We examined the relationships between parental symptoms of PTSD on the IES, the specific domains of symptoms of PTSD that the parent reported in the child (parent PTSRI), and these same domain scores that children reported for themselves (child PTSRI scores). First, using multiple correlation, we looked at the correlation between parental distress (IES scores) and parent-reported child PTSD symptoms on the 3 PTSD domains B through D (Intrusion, Avoidance, Hyperarousal; see Table 1 for definitions of each of these domains). We found that the parent's own distress is significantly (P = .043) correlated with the parent's report of his or her child's PTSD symptoms when these 3 PTSD domains were entered into the analysis together. Second, we looked at the correlation between parents' report of PTSD symptoms in the child (parent total PTSRI score) and the children's report of the 3 PTSD symptom domains. We found that the parent's report of total PTSD symptoms in the child was not significantly correlated (P = .106) with the child's report of his or her own PTSD symptoms when these 3 PTSD domains were entered into the analysis together. Then, we evaluated the correlations of each of these domains (B–D), as reported by the parent, with parental distress (IES score), and with the same domain as reported by the child. Table 6 presents the Pearson coefficients and significance levels for these correlations. Parents' own posttraumatic stress symptoms were significantly correlated with parental reports of hyperarousal symptoms in the child (P = .005). It is interesting that the parents' report of hyperarousal symptoms in the child was not significantly correlated with the child's self-reported hyperarousal symptoms. The opposite was true for avoidance symptoms: parents' reports of child's avoidance were significantly correlated with the child's account and were not significantly correlated with the parents' own posttraumatic stress. Note that the hyperarousal PTSD domain is describing physiologic reactions experienced by a survivor of traumatic events (eg, lack of sleep, increased startle response); the avoidance domain includes observable behaviors (eg, avoiding reminders of the trauma). These results indicate that parents' reports of the child's trauma-related behavior (avoidance) are the ones that are least affected by the parent's own distress, whereas parental reports of the child's symptoms of physiologic reactivity are most influenced by the parent's own subjective distress. This finding is of particular importance to practitioners who may be called on to treat this group of symptoms (eg, lack of sleep, irritability).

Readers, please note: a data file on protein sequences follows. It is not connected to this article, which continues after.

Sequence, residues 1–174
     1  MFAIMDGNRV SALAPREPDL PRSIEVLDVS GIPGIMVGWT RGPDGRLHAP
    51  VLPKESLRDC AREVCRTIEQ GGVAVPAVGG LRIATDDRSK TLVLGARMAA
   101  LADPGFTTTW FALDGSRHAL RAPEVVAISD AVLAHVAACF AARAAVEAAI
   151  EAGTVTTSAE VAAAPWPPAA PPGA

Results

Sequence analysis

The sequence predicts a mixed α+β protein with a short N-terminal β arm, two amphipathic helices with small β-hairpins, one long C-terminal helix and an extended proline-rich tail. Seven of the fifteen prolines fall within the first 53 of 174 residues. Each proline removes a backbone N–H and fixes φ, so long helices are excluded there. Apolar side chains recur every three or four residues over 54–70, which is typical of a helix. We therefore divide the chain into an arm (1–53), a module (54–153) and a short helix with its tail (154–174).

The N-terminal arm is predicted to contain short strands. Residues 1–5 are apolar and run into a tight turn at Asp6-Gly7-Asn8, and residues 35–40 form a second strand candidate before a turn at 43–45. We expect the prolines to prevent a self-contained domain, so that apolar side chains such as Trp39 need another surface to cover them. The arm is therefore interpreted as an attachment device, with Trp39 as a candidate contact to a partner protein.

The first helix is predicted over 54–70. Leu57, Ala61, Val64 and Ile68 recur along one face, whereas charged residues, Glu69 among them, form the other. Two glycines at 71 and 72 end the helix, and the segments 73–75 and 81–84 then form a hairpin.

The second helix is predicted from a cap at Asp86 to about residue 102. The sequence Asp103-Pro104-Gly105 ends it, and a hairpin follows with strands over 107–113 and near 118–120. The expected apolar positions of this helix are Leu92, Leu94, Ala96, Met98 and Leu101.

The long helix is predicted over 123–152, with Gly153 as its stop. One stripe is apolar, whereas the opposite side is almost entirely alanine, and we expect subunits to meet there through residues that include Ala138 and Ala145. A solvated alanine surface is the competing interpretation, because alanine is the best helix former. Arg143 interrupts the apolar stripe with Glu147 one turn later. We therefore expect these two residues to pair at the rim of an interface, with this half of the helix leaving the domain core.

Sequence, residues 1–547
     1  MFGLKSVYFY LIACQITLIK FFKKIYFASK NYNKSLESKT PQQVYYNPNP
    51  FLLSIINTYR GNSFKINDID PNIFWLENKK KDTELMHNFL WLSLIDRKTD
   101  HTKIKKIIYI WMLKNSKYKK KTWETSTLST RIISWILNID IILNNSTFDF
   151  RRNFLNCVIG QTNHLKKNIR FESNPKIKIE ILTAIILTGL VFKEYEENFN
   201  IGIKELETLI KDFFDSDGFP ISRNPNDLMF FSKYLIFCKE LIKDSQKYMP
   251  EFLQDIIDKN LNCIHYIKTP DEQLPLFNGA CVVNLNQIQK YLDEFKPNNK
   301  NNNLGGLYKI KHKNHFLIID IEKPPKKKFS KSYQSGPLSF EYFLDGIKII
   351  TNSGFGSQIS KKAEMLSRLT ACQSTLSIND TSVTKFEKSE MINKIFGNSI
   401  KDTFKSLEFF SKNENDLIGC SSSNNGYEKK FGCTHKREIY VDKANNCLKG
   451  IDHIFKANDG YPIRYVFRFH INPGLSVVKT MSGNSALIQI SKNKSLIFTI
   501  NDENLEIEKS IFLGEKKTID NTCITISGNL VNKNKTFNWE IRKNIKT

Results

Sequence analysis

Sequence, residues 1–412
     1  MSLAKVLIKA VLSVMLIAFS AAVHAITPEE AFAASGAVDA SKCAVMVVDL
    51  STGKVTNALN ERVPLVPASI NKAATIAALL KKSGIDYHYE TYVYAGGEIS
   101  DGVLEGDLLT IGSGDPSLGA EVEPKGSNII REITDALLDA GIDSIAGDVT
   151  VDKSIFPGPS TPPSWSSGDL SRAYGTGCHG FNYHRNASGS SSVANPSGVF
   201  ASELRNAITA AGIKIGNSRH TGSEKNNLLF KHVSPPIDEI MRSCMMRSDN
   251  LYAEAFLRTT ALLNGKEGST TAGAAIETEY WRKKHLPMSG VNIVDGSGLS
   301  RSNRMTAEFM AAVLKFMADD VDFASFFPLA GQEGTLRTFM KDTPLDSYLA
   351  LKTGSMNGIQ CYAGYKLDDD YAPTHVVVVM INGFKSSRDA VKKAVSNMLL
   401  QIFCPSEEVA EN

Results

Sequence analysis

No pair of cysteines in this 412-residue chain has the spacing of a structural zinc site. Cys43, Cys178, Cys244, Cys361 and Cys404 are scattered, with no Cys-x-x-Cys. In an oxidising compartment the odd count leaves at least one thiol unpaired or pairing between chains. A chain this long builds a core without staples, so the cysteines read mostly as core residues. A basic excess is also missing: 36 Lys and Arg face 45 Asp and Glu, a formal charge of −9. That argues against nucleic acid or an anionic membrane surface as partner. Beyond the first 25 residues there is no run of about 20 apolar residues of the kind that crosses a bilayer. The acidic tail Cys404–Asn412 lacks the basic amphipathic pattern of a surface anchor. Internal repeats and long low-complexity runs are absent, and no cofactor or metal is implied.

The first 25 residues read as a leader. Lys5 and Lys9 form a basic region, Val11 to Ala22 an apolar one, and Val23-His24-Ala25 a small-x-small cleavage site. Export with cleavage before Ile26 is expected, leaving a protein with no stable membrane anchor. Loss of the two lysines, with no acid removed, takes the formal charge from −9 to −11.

In the present cohort, parents' reports of posttraumatic stress symptoms in their children and adolescents were not significantly associated with the “best estimate” diagnosis of PTSD in the child, whether they were used as a continuous variable (degree of symptoms) or as a dichotomy (yes/no PTSD according to the parent). Conversely, children's and adolescents' reports of their own posttraumatic stress symptoms were significantly associated with the existence of a “best estimate” PTSD diagnosis in the child or the adolescent, whether used as a continuous variable or as a dichotomy. A child's report of PTSD symptoms, therefore, is especially important to obtain in the course of evaluation; it is not enough to rely on parental information to make the diagnosis. Parent–child disagreement with the “best estimate” diagnosis was most pronounced in the adolescent (aged 12–19) group.